David Benavidez (22-0, 19 KOs) regained the WBC Super Middleweight World Championship from two-time champion Anthony “The Dog” Dirrell (33-2-1, 24 KOs) with a ninth-round TKO victory.
“Everything just fell in place perfectly,” said Benavidez. “From the suspension to all the big fights I’ve been in. All of that helped me out in this fight. I did not make a mistake or open myself up more than I needed to. I worked behind my jab and got the stoppage. Things are going to get better and get tougher and I’m ready for the challenge.”
The fight followed a similar pattern throughout, with Benavidez stalking his opponent looking to unload power shots, while Dirrell circled the ring looking to counter and keep him at bay with his jab.
Benavidez stayed in control through the early rounds, until Dirrell turned the tables momentarily in round four trying to batter Benavidez against the ropes, but he was unable to daze the 22-year-old.
In round six Benavidez broke through with a critical moment in the fight, landing a punch that opened up a cut over Dirrell’s right eye. With the blood pouring, the cut was immediately a problem for Dirrell, who now had limited vision to stop the incoming assault.
“He hit me with a clean shot,” said Dirrell. “That’s my first time ever being cut by a punch. It opened up. There was nothing I could do about it. I couldn’t see the whole fight after that. My corner did a good job on it, but I really couldn’t see.”
Despite having his cut checked by the ringside physician in rounds six, seven and eight, Dirrell was able to use his veteran savvy to stay in the fight. As the fight went to round nine Benavidez increased his offense, slowing Dirrell down enough where he could tee off with power punches in the corner.
As Dirrell tried to navigate away from Benavidez’s offense, he began to take take more punishment and looked shaky on his feet. Referee Thomas Taylor officially stopped the fight 1:39 into the round, at the direction of Dirrell’s corner. Benavidez ended the fight with a 165 to 94 advantage in punches landed, with the biggest margin coming from his 101 power shots landed to just 41 from Dirrell.
“There are so many emotions coming at me at once,” said Benavidez. “We put so much hard work into this training camp. We left home and were away from everything. But I had the dream to become the youngest two-time super middleweight world champion and I made my dreams come true.”
“I would have kept going in there,” said Dirrell. “I’m not quitting against anybody. Everyone saw I didn’t go down. My legs were still strong, but I couldn’t do anything about it.
“We’re going back to the drawing board. I’m still fighting. We won’t end on a loss. You can put anybody in there with me.”
Josesito Lopez Beats John Molina
The opening bout of the Spence / Porter pay-per-view saw Josesito “The Riverside Rocky” Lopez (37-8, 20 KOs) knock out John Molina Jr. (30-9, 24 KOs) in the eighth round of their welterweight fight.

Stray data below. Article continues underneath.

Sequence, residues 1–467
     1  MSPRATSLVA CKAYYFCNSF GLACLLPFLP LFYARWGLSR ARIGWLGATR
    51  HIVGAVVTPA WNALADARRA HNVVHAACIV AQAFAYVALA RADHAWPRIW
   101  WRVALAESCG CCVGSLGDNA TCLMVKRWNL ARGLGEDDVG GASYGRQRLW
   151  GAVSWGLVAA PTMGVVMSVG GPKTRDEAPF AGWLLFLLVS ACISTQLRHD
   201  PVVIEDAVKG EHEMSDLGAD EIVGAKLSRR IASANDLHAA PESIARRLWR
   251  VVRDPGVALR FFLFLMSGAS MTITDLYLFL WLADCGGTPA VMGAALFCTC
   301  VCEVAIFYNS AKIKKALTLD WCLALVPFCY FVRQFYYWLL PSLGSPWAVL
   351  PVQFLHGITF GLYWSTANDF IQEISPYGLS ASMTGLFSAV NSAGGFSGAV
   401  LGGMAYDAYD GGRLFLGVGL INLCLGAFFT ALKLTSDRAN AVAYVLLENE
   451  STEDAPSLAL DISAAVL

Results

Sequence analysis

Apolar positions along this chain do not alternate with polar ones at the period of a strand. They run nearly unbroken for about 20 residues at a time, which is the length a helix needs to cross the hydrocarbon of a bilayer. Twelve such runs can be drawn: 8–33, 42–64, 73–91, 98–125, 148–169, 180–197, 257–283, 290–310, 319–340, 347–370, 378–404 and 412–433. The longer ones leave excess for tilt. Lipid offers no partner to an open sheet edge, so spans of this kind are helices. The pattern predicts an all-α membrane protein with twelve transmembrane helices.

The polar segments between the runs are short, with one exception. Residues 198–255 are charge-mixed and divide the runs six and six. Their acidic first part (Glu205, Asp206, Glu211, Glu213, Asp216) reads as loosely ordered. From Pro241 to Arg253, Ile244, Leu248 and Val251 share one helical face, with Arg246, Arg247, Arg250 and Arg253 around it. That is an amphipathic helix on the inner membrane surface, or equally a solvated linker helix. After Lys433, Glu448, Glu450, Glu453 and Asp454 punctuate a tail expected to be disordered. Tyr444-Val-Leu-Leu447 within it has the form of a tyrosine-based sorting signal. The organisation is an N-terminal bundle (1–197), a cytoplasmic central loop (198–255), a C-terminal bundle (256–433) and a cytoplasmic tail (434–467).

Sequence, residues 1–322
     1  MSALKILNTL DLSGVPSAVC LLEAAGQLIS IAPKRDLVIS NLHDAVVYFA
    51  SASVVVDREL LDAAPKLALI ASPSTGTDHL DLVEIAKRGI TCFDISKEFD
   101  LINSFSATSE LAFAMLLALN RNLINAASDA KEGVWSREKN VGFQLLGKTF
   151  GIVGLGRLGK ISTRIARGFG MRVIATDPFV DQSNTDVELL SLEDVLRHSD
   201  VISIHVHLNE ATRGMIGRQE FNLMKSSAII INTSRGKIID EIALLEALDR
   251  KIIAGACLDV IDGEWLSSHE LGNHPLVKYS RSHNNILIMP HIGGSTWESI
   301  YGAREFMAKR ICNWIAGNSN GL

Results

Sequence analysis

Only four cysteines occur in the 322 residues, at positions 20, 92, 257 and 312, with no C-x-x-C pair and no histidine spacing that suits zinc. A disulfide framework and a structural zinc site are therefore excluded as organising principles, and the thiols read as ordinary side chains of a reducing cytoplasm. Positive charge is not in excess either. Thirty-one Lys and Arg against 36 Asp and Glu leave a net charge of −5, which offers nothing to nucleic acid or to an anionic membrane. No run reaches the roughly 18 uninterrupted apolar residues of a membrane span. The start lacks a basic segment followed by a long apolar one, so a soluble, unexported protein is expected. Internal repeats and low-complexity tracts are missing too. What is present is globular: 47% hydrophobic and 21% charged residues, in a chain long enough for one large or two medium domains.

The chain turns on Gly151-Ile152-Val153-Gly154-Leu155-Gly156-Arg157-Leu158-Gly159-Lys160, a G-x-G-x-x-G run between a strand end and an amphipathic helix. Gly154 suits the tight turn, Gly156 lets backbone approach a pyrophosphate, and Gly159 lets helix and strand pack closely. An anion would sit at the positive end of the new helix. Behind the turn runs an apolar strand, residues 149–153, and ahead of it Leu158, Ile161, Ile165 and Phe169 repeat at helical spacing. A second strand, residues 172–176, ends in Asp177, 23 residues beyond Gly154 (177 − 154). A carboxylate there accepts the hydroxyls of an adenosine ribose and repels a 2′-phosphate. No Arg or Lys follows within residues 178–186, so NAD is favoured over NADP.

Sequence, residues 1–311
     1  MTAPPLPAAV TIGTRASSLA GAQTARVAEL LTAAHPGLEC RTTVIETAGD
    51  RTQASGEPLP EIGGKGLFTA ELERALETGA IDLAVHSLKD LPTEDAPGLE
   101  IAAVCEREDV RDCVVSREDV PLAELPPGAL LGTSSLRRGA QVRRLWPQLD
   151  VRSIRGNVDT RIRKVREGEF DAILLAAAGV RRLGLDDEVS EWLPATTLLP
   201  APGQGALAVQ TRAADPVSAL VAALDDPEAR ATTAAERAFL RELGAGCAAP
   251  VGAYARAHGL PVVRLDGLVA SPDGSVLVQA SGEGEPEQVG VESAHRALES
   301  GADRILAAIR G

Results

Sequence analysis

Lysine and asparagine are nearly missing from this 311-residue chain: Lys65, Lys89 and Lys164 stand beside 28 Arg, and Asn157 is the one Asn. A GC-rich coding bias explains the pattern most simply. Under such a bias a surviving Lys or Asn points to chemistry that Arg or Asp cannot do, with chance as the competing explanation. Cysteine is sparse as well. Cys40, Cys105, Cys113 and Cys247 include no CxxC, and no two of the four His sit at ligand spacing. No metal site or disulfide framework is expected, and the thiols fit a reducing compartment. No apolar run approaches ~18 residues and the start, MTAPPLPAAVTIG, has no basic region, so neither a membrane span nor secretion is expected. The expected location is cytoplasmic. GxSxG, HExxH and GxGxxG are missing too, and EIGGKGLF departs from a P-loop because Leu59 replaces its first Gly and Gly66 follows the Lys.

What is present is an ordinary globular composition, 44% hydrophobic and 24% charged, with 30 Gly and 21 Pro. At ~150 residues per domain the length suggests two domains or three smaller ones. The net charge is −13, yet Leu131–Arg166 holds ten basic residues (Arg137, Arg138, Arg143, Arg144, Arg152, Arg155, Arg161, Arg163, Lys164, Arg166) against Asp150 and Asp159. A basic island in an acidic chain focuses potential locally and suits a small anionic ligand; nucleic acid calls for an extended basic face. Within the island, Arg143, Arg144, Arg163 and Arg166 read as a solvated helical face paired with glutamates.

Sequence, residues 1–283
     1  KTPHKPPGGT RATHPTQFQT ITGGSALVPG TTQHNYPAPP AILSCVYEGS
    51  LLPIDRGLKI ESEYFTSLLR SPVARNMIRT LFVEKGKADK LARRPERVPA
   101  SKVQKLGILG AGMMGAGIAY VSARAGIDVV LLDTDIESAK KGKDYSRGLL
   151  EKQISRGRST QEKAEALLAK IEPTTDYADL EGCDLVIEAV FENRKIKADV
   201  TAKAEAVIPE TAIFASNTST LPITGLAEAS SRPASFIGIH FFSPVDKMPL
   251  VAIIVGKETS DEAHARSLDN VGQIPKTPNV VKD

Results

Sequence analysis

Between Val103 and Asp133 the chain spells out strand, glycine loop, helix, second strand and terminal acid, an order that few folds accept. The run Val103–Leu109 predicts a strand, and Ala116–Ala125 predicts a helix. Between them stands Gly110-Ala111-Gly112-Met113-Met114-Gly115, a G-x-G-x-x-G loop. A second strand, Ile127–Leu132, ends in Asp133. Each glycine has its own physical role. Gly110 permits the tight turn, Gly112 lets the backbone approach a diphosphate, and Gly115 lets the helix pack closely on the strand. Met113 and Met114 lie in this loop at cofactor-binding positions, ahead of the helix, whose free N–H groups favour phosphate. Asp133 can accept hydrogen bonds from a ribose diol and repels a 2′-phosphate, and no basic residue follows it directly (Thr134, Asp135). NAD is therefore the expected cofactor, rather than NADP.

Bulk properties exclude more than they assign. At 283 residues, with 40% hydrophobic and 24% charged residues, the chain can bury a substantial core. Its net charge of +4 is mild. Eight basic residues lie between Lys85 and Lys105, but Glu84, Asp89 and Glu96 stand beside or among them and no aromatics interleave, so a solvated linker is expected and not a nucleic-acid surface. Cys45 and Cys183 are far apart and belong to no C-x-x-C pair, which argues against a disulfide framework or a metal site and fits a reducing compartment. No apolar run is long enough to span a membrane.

“We both carry power in our hands so it wasn’t a surprise someone went down,” said Lopez. “It easily could have happened to me with the power he has. I was able to catch him early, find openings and get the finish.”
Lopez landed a critical blow on his first punch of the night, snapping off an overhand right that connected flush with Molina and put him on the canvas early in the first round. Lopez was patient following up and eventually landed a vicious body shot that put Molina down for the second time in the round.
Molina was able to rise to his feet and make it to the second round, and showed flashes that he might be able to change the tide of the fight. He slowed Lopez’s attack down in round two with a vicious combination of right and left hooks to the head.
“You can never take the fight out of a fighter,” said Molina. “I have a never say die attitude and I have my whole career. It was a tough fight, but the better man won tonight.”
“I knew he wasn’t going to quit,” said Lopez. “He’s a warrior. I had to keep on the pressure. I was thinking that hopefully the ref and the team made the right call to finish it at the right time.”
Lopez stayed patient however and jabbed while looking to set up the right hand that had knocked Molina down in the first. In round seven Lopez broke through again, this time landing a perfect straight right hand that put Molia on the canvas late in the round.
After a long look from the ringside physician and his own corner, Molina tried to take his chance at a fight-changing punch in the eighth round. Early in the round, Lopez was able to land several big power shots that prompted referee Ray Corona to stop the bout 39 seconds into the round.
“I wanted to keep going at the end,” said Molina. “I thought I was still coherent and could still move well. But you can’t go against what the referees say.”
“There’s a lot more ‘Riverside Rocky’ left,” said Lopez. “Robert Garcia has turned my career around. I’m a race car and like NASCAR, I’ve got a whole team behind me. I’m a top 10-level fighter. I’m going to give any fighter and any world champion a run for their money. I want memorable fights and I want the best.”